House Rich, Cash Poor: Beware of Strangling Your Kids with Debt

//House Rich, Cash Poor: Beware of Strangling Your Kids with Debt

House Rich, Cash Poor: Beware of Strangling Your Kids with Debt

2018-05-22T19:16:36+00:00May 18th, 2018|Financial Planning & Tax|

It’s a question clients ask us a lot: can we, or should we, gift our kids cash for a down payment on their first home?

It’s a thorny issue that puts parents in a tricky spot. Most parents’ gut instinct, of course, is to do everything they can to help their children. But in this case, doing so could do more harm than good. We’ll give you three reasons why in a moment.

It’s easy to see why more parents are giving their kids an assist in cracking the housing market, especially in big cities like Toronto, where the average residence sold for about $800,000 in April, with detached homes going for an average of $1.35 million, according to the Toronto Real Estate Board (TREB).

Numbers like that strike terror in the hearts of millennials who fear they’ll be forever shut out of the market as prices race away.

The reality is, it can make more sense for younger people to continue to rent and use their long investment horizon to accumulate savings until they are on more solid financial footing.

Here are three reasons why helping your kids with their down payment could hurt — rather than help — their financial futures:

1. You Could Shackle Them to Years of Suffocating Payments

When it comes to housing, the 28/36 rules of thumb are standard — total housing expenses should be no more than 28% of gross household income, with all debt payments eating up no more than 36%.

So let’s say your child and their partner, both of whom are first-time homebuyers, are eyeing a smaller detached home or higher-end townhouse in Toronto valued at about $1 million. You decide to give them 20%, just enough to avoid buying the otherwise mandatory mortgage-loan insurance from the Canada Mortgage and Housing Corporation. So we’re looking at a $200,000 gift here, for one child, leaving them an $800,000 mortgage.

There’s more, though. They’ll also be on the hook for closing costs, such as the land-transfer tax (LTT) — about $25,000 on our $1 million Toronto purchase (even after assuming our young couple qualifies for the LTT’s first-time homebuyer’s rebate), lawyer’s fees and title insurance.

But for now, let’s rather generously ignore all that and just say your child is left owing $800,000. Interest rates on a mortgage with a 25-year amortization and a five-year fixed term currently hover around 3.50%, setting up a monthly payment of approximately $4,000, or $48,000 a year.

Your child and their spouse would have to earn — from the get-go — over $170,000, year in and year out, through all of life’s twists and turns — job loss, illness, unexpected major expenses, not to mention the cost of raising children — just to squeeze the mortgage into that 28% envelope we mentioned earlier.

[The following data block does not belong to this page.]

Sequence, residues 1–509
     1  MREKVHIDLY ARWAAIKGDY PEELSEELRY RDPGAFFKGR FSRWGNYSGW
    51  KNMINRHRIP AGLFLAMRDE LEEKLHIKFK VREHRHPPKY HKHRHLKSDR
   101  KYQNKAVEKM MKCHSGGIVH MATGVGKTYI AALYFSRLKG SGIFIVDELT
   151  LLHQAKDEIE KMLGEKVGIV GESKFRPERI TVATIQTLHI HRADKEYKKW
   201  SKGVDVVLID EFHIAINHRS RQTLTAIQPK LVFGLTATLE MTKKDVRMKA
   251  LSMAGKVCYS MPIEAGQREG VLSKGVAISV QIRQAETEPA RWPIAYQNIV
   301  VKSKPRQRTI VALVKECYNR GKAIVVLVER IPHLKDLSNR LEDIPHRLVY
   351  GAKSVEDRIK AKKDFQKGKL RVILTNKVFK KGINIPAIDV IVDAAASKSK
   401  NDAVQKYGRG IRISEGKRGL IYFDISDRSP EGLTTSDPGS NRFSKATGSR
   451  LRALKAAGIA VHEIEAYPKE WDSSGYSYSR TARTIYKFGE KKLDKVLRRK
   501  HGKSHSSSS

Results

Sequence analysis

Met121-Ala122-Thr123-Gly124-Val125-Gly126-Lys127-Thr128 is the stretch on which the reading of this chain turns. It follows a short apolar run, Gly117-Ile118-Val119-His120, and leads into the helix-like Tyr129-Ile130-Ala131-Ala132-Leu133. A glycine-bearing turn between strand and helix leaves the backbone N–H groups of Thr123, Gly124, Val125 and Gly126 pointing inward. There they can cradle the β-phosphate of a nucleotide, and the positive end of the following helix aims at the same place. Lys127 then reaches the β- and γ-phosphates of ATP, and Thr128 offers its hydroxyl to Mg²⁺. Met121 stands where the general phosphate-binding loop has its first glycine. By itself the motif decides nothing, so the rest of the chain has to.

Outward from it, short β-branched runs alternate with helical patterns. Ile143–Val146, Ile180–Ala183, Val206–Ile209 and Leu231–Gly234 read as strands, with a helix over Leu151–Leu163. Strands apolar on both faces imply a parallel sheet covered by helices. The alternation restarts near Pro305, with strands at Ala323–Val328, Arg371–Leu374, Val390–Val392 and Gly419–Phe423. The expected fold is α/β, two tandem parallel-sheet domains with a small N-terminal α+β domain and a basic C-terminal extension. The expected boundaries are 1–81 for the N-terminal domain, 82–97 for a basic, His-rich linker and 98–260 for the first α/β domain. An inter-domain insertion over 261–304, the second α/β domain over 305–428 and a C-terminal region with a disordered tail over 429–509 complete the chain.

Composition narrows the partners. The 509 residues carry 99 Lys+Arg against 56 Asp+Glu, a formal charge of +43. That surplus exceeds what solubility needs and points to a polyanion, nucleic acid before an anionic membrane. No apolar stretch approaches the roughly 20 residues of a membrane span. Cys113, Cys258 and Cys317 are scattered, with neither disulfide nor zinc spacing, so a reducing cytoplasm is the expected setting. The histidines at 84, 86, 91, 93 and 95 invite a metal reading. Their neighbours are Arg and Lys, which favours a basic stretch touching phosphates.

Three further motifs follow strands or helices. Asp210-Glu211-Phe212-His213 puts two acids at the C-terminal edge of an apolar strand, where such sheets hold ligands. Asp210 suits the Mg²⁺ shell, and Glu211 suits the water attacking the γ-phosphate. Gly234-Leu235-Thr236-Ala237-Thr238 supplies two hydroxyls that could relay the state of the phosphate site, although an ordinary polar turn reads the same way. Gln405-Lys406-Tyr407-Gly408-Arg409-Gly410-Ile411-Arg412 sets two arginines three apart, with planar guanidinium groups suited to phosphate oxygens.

That’s a tall order for any couple starting out, and it would still come up short of the 28% target when factoring-in other home-ownership costs beyond the mortgage, such as property taxes, utilities, insurance and maintenance.

Finally, keep in mind that the 28%/36% rule of thumb is just a guideline. Many financial experts think spending 36% of your gross income on debt service may be aggressive, depending on one’s effective tax rate and level of after-tax income.

2. Their Costs Will Likely Ratchet Higher

You may also have to increase your gift to make sure your child passes the new “stress test” introduced January 1, under which all borrowers must prove they can handle mortgage rates at either the Bank of Canada’s current five-year benchmark (5.34%) or two percentage points above the mortgage’s “contractual” rate (3.50% in this case), whichever is higher.

So even though they’d still pay the $4,000 a month, they’d have to show they can keep up with payments at a 5.5% rate, or $4,900 a month — $900 higher: a payment requiring $210,000 gross household annual income.

Truth be told, a jump like that is entirely possible at renewal time if your son or daughter opts for a five-year fixed-rate mortgage. That’s because fixed-rate mortgages are tied to bond yields, and the yield on the 10-year government bond is headed upward: it’s now around 2.50%, up from 2.00% at the start of 2018.

The key is that, as a parent, you need to be mindful of saddling your child with too much debt that they may not be able to afford in the future, particularly if they experience a setback. The flipside to this argument is that if you are going to go down this path you should be prepared to help your son or daughter along the way with additional payments beyond your initial gift, if required.

3. A Correction Could Wipe Out Your Gift

Finally, rising house prices are far from guaranteed. Just look at TREB’s latest numbers, which show that the average Toronto home price was actually down 12.4% from a year earlier in April in the wake of the new mortgage rules and an uptick in interest rates.

Going back to our example, such a drop would slash $124,000 from the value of our house, erasing 62% of your $200,000 gift! A 20% decline would eliminate the entire down payment — and could make it tough to renew the mortgage in five years, or at least at a favourable rate.

The bottom line? Gifting down-payment cash to your kids isn’t necessarily a bad idea, but as parents, we need to look beyond our natural urge to help them and be sure we’re taking in the whole picture.